To treat this infection, antibiotic eye drops and oral antibiotics are advisable to control this infection.
Safely wrap your guinea pig in the towel, and putting the eye drops is the easy way to attempt this. Or else, you can take your guinea pig to the veterinarian office.
Your veterinary surgeon will clean the area affected and remove the discharge by giving it a light antiseptic eyewash before applying the eye drops.
Also read: Eye booger in guinea pigs
Bleeding in guinea pigs is a severe issue but can be treated. There are many reasons for bleeding in the guinea pig, such as blood in urine, nose bleeding, anal bleeding, trimming nails too shot, mouth bleeding, anus bleeding, nipple bleeding, bleeding after neutering, and eye bleeding.
The causes of blood loss in guinea pigs are caused by trauma, infection, and chronic diseases, which is very complicated.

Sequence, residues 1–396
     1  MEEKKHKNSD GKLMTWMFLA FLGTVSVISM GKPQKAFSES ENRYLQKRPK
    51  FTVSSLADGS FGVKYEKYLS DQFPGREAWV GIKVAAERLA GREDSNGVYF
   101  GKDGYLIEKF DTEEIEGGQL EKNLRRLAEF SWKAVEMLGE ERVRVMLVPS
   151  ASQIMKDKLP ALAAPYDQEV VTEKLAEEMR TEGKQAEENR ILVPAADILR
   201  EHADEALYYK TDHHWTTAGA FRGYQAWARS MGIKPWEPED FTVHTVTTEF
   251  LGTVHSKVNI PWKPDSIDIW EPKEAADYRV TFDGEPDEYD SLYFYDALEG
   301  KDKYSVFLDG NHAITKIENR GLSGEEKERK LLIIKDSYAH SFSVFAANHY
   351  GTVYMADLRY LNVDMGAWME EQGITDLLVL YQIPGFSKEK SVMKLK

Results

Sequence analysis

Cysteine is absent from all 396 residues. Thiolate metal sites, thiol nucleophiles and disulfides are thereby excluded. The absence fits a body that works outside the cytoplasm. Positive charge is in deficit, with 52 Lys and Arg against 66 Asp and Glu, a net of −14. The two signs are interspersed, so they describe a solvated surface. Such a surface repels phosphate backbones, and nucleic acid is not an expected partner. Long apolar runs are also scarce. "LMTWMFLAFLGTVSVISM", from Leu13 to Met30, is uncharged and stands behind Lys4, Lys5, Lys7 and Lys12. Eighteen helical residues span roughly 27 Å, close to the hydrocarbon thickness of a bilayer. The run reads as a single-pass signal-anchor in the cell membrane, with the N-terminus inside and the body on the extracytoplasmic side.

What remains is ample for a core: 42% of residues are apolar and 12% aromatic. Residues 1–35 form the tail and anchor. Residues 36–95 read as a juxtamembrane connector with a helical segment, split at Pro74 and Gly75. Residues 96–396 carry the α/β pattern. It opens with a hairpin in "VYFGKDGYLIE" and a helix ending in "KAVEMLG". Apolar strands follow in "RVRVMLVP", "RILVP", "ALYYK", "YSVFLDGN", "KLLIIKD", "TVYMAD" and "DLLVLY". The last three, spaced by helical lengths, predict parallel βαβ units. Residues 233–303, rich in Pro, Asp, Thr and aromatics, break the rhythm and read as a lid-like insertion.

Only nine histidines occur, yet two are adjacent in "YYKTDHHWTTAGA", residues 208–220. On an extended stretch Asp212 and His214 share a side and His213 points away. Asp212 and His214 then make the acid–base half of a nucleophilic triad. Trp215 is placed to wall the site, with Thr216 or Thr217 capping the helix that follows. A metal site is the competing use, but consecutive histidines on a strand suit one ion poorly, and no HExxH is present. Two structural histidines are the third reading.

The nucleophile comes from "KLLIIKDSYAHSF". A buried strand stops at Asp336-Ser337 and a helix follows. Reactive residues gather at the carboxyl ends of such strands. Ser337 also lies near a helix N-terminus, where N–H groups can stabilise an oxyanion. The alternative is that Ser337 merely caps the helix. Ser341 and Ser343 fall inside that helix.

There are eight causes of blood loss in guinea pigs. The first one is guinea pig blood in urine, which is caused by dysfunction of the reproductive area and Uterine Adenocarcinoma.
The second one is bleeding from the guinea pig’s nose, which is a severe issue, caused by a weak immune system and unhygienic living conditions.
Bleeding nose causes blood clotting problems, tumors, tooth root scar, fungal infection, etc., and can be treated by antibiotics, suggested by your veterinarian.
The third is mouth bleeding caused by the dental problem and can be treated by a veterinary surgeon.
Nail bleeding is the fourth cause which can be treated by applying styptic powder.
The fifth is bleeding from the anus, for example, polyps, papilloma, Hemorrhoids, and Syphilis, which cause bleeding infection.
The sixth one is suffering after neutering, which is not always harmful to your guinea pig and can be treated by applying a cold pack to stop the bleeding.
Bleeding from the nipple is the seventh cause, which needs to be addressed immediately as this causes severe infection.
The last one is suffering from the eye, which can be caused by unhygienic enclosure and urinary ammonia in the sleeping area. Oral antibiotics and antibiotic eye drops are suggested to prevent this infection.